HTx Methods Workshop

Between 4 – 5 November 2021 HTx members organised a workshop in Utrecht, sharing the new methods developed in predictive modelling, evidence synthesis, data processing and visualization and machine learning since the start of the project.

Wim Goettsch, HTx project coordinator, opened the workshop with a warm welcome and shared his expectation of the workshop. The first day contained three sessions focused on predictive modelling.

On day one of the workshop, Tuur Leeuwenberg, from UMC Utrecht, gave an introduction on prediction models and challenges in the development and validation of the models, especially in patient selection settings, Konstantina Chalkou, from the University of Bern, presented the research done at the university on the prognostic model and prediction model for treatment selection in multiple sclerosis patients and Pekka Siirtola, from University of Oulu introduced how individualized models can be developed with active learning and adaptive models, based on machine learning and AI.

The second day started with two breakout sessions. Tasnim Hamza, from the University of Bern, presented her work on a generic framework for evidence synthesis, which can incorporate data from different study designs (both RCT and NRS) as well as different formats (both individual participant data and aggregated data). She then moved on to the subject of using network meta-analysis for dose-response data. The other breakout session covered topics in machine learning. Pekka Siirtola, from the University of Oulu, presented ClinFlow, an online data analysis tool for data processing and visualization (you can access and try ClinFlow via the following link: Francisco Javier Somolinos Simón and Jose Tapia Galisteo, from Universidad Politécnica de Madrid, UPM, introduced clustering analysis and stratification of patient subgroups.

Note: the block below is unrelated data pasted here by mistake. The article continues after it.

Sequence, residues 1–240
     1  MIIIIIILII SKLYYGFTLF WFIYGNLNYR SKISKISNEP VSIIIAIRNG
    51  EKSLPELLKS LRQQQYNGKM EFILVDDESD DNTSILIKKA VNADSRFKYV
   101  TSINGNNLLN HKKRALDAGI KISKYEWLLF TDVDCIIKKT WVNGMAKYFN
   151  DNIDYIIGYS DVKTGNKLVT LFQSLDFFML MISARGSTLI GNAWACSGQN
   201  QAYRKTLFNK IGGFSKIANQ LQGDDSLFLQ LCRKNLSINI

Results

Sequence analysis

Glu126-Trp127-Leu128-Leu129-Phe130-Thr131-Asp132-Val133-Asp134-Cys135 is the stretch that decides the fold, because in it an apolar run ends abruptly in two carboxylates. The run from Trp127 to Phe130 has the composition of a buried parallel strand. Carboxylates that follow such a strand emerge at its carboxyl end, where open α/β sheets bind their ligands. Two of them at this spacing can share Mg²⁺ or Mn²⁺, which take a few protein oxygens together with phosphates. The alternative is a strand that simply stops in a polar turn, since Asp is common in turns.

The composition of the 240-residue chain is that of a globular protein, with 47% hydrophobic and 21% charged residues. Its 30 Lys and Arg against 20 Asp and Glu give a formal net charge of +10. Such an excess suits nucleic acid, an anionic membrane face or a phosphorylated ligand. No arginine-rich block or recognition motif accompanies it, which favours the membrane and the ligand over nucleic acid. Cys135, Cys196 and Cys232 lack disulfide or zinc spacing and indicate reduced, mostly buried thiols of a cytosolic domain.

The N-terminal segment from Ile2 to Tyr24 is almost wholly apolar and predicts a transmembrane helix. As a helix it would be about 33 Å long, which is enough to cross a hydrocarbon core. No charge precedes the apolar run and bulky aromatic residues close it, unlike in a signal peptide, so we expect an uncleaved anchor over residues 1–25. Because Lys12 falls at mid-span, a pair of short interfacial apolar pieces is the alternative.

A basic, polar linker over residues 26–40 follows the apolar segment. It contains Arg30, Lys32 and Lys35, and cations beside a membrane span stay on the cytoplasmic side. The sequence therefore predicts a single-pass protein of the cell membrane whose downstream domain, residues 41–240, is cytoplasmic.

The workshop ended with two presentations from HTA agencies. Saskia Knies, from Zorginstituut Nederland, ZIN, gave an introduction to ZIN’s current and future projects and how the methods developed in HTx can be linked to ZIN’s work. Dalia Dawoud, from National Institute for Health and Care Excellence (NICE), provided a summary of the development of NICE in the past 22 years, and the strategies in improving health and wellbeing, and their relevance to HTx outputs.